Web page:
Im trying to gain confidence to do my first E6 development and this with Fuji Velvia 100F 4x5" sheet film. However I am uncertain how to choose processing time.

I will be doing my E6 in a Cibachrome drum for 8x10 sheets. Where minimum of 75ml and maximum of 100ml of chemistry can be used. I've used this for B/W development before and used constant manual rolling agitation in a waterbath. If being carefull 2 sheets can be processed simultaneously (there is no separator for 4x5" sheets).

Listed time for first developer is, if 500ml solution is used:
6'15" for first two rolls, 6'30" for the next two rolls and 6'45" for last two rolls¨
And if 1000ml solution is used:
the same times but using four rolls instead of two in the tank each run.

Can I assume linearity, extrapolate and use the same times using 100ml of solution each run and with sheet film corresponding to the same emulsion area as 2/(500ml/100ml)=4/(1000ml/100ml)=0.4 rolls of film and do 3 runs before disposing the chemicals? Similarly for the other baths. I guess I could use one-shot chemicals but also the chemistry is expensive in Sweden.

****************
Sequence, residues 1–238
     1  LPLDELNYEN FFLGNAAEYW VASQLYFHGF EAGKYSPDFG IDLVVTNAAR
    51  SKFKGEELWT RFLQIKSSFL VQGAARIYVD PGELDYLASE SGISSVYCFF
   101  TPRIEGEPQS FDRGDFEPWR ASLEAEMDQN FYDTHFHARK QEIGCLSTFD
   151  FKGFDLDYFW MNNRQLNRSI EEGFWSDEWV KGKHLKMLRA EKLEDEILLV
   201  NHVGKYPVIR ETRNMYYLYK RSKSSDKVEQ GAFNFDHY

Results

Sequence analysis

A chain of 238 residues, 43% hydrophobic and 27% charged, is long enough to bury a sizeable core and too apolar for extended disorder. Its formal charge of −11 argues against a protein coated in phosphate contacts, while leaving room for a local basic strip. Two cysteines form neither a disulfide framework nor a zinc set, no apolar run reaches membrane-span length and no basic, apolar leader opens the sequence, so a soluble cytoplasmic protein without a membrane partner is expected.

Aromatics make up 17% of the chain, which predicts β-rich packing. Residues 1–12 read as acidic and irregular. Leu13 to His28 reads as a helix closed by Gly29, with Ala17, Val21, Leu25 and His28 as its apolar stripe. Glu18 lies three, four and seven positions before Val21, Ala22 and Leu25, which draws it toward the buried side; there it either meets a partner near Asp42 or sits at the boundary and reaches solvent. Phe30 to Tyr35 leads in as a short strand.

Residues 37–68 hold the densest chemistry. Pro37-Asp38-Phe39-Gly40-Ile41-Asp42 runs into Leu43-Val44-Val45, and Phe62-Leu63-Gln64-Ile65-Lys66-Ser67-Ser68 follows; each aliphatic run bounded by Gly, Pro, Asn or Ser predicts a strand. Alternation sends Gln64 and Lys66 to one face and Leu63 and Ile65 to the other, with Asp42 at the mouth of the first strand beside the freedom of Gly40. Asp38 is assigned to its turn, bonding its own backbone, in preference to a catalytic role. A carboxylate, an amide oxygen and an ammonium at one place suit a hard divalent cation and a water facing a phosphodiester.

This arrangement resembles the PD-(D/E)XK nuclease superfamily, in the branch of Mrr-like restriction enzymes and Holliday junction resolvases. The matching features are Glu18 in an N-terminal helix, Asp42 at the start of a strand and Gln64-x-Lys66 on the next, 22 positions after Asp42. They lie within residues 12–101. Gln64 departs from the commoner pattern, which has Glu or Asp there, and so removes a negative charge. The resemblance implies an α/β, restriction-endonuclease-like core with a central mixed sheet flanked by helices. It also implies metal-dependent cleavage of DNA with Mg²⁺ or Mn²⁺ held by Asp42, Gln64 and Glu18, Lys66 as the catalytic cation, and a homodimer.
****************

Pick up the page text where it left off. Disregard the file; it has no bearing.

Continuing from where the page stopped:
What is the area of a 36 frame 135 film or a 120-film? I remember T-max RS used an equivalence of 1 roll of either 135 or 120 film corresponded to one 8x10" sheet in the replenishment rates. Can I assume the same here?

What is the rotation rate of rotary development systems that I'll try to mimic?

Lastly, I've heard somewhere that Fuji films should use extended development times in Tetenal 3-bath E6 kit as compared to Kodak films? Can anyone confirm or dismiss this? I guess it is reasonable to do this kind of pushprocessing for Velvia 50 which by many are rated lower than 50 but I've been told that Velvia 100F is truly a iso 100 film. Anyone tried this combination of Tetenal 3-bath E6 and Velvia 100F in particular and can share their findings?

Again I could try and see but I am trying to gain that extra confidence before starting and sheet color transparancy film and E6 chemistry is quite expensive so I'd prefer getting it right the first time. I am so looking forward to watching that first 4x5" slide on the lighttable.

Thanks,
Richard